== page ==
Bishop Berkeley is famous, of course, for his denial that matter exists apart from mind. Although, as he says, “we must talk like the vulgar and think like the wise,” it is nonetheless true that “all the choir of heaven and the furniture of earth, in a word all those bodies that compose the mighty frame of the world, have not any subsistence without a mind” (Berkeley, Principles of Human Knowledge, 1710). Although our statements about matter and its relationships are either true or false apart from us, matter is wholly dependent upon human being; the contour of matter is clearly dependent upon human perceptual experience. With respect to theology, God may not be independent of human experience, yet sentences about God might still be true or false. Accordingly, one can be an anti-realist with respect to the domain of the divine if one holds that statements about this domain are true or false, but that the entire domain is somehow dependent upon human cognition.

So what are the options for the anti-realist theist who denies expressivism and error theory? In parallel with the contemporary discussion in the philosophy of science, it seems one might hold that postulation of the divine realm, though not independent of human experience, still is needed to account for human experience. This type of argument basically proceeds as an “inference to the best explanation” argument: One asserts that there is a divine being having such and such a nature because the assertion of such a being best explains the kind of experience we have and the kind of world we seem to have. Another possibility is to argue that the consensus of theological opinion is not extension-reflecting of the references of theological language, but rather extension-determining, that is, agreed upon theological statements act to determine the very reality they report. The objects, properties, events and states of affairs of theological theory are judgment-dependent, not judgment-independent.

So what are our options in theology with respect to the issue of realism?

1) One might say that the statements of theology are truth-apt, but because no divine reality exists, they are all false and thus theology constitutes an error theory. Clearly, this view is not an option for a theist engaged in the theological task.

2) might say that the statements of theology are not truth-apt; they are merely expressions of human emotion, value, or orientations. While this view may be an improvement over the previous, it is not a very promising way to proceed theologically. After all, while one seems more or less stuck with ethical language because of the nature of human relationships, this seems not to be true of theological language. This language seems more prone to elimination than the former kind.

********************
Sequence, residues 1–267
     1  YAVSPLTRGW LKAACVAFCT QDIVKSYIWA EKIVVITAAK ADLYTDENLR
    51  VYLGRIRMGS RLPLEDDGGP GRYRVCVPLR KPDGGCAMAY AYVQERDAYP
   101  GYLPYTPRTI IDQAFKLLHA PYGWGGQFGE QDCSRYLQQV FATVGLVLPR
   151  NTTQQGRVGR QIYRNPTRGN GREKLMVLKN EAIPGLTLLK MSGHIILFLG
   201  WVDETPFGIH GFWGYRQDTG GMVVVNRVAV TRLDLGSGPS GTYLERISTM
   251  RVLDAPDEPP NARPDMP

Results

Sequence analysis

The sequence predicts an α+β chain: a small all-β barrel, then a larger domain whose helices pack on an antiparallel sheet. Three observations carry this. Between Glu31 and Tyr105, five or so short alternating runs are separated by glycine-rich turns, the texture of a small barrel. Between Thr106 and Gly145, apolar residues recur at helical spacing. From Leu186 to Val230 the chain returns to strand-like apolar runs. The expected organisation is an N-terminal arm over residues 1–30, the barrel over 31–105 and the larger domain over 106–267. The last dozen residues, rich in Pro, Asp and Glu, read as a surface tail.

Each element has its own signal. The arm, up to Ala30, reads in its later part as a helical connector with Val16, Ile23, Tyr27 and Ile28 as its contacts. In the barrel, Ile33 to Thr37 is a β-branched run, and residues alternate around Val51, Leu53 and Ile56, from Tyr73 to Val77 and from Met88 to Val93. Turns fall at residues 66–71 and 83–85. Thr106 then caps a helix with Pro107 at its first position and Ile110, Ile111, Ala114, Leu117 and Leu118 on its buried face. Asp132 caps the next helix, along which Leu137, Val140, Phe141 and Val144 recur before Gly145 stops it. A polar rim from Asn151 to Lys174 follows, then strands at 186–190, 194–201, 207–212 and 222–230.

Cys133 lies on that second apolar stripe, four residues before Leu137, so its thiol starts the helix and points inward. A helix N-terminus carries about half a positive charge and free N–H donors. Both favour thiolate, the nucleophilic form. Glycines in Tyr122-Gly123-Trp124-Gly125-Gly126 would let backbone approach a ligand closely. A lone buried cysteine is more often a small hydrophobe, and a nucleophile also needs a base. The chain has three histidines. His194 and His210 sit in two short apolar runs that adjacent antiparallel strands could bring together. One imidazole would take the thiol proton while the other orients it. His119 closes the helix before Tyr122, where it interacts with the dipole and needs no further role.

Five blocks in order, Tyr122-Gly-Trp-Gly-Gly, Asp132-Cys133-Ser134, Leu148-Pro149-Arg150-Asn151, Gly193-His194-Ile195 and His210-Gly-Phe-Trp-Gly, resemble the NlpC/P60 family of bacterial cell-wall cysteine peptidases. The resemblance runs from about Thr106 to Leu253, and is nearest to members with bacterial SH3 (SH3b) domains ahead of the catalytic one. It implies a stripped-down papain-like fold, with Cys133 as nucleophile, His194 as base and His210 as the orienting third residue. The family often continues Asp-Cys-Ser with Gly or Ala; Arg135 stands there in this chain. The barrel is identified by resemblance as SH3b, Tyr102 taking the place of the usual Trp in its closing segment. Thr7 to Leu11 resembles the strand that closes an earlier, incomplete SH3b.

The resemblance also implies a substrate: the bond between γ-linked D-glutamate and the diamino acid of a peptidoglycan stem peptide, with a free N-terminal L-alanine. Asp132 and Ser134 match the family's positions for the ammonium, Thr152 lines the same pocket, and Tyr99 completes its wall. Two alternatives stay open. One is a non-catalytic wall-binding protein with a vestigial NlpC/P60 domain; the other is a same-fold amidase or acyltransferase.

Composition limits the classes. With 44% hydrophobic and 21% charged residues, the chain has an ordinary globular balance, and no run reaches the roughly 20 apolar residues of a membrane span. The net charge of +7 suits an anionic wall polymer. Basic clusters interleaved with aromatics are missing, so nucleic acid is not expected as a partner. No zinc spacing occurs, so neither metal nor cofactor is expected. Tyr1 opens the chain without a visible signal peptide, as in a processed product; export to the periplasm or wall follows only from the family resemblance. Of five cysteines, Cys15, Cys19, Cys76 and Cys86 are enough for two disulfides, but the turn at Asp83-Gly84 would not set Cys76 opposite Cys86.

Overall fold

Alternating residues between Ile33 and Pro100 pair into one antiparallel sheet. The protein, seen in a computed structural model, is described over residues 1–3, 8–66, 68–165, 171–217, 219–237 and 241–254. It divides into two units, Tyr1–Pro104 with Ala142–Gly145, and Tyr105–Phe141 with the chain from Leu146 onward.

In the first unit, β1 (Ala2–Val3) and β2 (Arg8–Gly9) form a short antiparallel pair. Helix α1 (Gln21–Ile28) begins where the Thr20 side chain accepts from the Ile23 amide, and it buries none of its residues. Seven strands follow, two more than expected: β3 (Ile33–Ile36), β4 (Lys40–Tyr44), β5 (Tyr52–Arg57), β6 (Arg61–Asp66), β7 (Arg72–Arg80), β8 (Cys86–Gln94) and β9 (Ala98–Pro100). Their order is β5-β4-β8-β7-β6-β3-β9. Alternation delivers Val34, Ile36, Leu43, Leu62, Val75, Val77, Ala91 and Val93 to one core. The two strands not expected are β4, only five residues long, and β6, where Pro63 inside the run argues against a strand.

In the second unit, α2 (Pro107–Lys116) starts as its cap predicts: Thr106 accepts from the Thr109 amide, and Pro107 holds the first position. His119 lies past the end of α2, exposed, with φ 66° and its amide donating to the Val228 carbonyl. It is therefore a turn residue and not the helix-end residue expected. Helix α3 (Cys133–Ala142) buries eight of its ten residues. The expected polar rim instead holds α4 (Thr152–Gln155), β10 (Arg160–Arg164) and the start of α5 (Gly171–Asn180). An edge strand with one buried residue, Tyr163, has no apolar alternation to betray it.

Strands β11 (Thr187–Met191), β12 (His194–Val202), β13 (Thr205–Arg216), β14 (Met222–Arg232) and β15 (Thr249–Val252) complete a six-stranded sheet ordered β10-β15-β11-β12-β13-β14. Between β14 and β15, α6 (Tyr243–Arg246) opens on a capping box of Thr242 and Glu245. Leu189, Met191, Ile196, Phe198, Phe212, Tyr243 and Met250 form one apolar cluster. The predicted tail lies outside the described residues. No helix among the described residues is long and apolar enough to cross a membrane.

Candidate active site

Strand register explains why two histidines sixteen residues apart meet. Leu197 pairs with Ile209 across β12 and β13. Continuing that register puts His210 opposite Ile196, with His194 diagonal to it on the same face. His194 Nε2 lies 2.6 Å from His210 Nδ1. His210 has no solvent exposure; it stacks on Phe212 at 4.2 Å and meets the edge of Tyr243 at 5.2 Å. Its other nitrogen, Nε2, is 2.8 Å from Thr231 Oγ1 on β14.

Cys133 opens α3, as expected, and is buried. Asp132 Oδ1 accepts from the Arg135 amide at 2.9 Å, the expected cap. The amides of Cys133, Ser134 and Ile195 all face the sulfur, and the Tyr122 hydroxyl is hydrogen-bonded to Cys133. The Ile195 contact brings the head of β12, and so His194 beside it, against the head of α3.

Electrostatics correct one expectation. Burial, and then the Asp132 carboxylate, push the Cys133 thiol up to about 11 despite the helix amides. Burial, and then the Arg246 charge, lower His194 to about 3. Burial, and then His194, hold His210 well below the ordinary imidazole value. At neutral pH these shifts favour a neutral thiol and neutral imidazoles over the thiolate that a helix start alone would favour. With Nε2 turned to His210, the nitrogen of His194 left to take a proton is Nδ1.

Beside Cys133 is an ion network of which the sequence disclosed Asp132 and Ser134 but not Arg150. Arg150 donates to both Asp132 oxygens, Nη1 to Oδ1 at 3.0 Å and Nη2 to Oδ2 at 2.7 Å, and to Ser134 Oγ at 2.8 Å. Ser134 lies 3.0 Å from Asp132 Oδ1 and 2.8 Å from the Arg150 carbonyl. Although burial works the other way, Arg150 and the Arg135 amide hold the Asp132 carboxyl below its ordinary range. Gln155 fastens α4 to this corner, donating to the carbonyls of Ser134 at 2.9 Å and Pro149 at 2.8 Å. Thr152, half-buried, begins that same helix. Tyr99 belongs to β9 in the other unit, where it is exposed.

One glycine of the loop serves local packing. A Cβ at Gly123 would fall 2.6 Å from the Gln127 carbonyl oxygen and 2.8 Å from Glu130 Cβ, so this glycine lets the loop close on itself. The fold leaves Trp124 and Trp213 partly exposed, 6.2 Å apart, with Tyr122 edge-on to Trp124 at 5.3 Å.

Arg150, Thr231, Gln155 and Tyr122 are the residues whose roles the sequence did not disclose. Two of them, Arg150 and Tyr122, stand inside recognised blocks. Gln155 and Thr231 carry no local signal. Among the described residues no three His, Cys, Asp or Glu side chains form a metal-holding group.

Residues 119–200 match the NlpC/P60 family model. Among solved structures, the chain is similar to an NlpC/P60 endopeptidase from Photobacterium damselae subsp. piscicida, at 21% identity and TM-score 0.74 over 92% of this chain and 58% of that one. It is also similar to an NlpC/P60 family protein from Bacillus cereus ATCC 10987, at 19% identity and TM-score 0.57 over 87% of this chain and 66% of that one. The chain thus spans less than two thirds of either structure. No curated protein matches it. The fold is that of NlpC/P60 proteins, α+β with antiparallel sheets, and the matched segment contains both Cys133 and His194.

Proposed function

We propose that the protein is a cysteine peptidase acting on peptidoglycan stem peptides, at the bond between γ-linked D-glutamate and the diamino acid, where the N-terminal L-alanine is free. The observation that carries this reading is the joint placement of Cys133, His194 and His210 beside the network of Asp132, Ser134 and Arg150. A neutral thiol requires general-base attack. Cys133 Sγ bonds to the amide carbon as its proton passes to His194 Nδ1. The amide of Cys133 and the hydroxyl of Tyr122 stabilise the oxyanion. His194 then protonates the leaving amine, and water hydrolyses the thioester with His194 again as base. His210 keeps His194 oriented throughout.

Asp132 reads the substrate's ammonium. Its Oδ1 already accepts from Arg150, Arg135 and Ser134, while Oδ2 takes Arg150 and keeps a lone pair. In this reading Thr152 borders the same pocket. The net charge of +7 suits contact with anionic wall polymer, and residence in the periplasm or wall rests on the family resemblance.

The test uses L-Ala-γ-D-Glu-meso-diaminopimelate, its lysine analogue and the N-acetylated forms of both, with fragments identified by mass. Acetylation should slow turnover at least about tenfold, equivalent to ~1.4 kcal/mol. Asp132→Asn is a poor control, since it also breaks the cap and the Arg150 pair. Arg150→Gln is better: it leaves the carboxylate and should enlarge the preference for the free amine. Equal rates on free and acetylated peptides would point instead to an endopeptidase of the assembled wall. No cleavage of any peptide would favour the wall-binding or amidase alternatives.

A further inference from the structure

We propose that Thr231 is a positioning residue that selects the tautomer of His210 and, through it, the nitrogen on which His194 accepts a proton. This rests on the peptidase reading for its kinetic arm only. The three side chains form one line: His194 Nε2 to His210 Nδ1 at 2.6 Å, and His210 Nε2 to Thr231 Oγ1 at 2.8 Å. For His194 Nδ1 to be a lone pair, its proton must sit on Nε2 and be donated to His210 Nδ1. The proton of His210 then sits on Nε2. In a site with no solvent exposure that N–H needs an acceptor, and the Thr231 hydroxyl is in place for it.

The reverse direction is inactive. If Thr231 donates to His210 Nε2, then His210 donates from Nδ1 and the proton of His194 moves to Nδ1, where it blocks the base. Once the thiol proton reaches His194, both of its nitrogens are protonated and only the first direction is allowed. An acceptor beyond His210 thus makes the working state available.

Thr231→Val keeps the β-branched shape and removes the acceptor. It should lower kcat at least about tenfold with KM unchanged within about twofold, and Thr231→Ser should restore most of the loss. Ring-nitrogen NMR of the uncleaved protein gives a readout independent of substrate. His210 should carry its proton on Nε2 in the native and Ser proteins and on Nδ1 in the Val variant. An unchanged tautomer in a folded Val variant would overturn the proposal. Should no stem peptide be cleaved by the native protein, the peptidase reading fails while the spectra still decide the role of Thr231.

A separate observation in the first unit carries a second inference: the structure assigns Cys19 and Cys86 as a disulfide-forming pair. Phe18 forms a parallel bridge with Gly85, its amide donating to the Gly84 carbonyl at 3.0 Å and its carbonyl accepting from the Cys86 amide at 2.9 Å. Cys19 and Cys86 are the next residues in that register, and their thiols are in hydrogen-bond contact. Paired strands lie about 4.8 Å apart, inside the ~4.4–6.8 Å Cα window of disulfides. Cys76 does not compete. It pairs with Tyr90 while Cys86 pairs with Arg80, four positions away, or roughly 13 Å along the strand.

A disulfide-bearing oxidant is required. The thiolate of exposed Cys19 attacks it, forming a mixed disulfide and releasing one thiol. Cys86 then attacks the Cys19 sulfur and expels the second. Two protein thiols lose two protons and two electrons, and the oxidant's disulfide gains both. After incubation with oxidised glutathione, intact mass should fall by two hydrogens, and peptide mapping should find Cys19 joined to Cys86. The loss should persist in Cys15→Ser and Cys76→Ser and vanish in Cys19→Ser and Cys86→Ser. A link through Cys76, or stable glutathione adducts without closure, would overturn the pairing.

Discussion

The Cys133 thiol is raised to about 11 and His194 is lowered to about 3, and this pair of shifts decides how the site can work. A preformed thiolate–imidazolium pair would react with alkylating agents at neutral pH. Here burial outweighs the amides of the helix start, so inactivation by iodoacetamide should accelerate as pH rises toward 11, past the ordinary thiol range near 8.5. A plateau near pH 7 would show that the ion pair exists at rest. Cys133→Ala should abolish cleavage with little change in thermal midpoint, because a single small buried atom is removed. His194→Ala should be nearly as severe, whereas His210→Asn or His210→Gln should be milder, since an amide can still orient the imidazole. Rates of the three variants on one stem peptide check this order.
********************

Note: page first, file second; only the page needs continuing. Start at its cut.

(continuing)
3) One might say that the statements of language are truth-apt and not globally false. Simply put, one might say that divine reality exists in some way, yet deny the independence of this reality from human awareness, perception, conception and language. On this view, one could claim that the assertion of the existence of divine reality is justified on the basis of an inference to the best explanation or on the basis a theological consensus that somehow determines theological extension itself. While (3) is more promising than (1) and (2), they run into real difficulties in explaining the truth of discourse about the person and work of the Christ. Does the salvific work of Christ constitute the best explanation of our human experience? It seems unlikely. In fact, scripture and tradition have referred to Christ as a “stumbling block” for human reason. And as regards to any theological consensus, it is precisely at the point of our discourse about Christ that we lose consensus, or at least enough consensus to derail any anti-realist effort presupposing a uniformity of theological opinion.

So what is left? It seems to me that what is left is theological realism, the assertion that God exists and has His nature apart from human awareness, perception, conception and language. The assertion of such a God and descriptions of His nature seem to be clearly evidence-transcending. Human beings simply cannot be in relevant perceptual causal connections to those divine states of affairs that make assertions of the Trinity true. This being said, however, there is another kind of way that such statements might be justified. If these statements’ causal history includes the activity of the Holy Spirit, one might hold that they make claims about the reality of the divine without be wholly evidence transcendent. If the theologian can be a semantic realist without having to assert an extreme position with regard to evidence-transcendence, there may be no good reason fro the theologian not to be a semantic realist. This question is important, I think, and we shall explore it in the next post on semantic realism.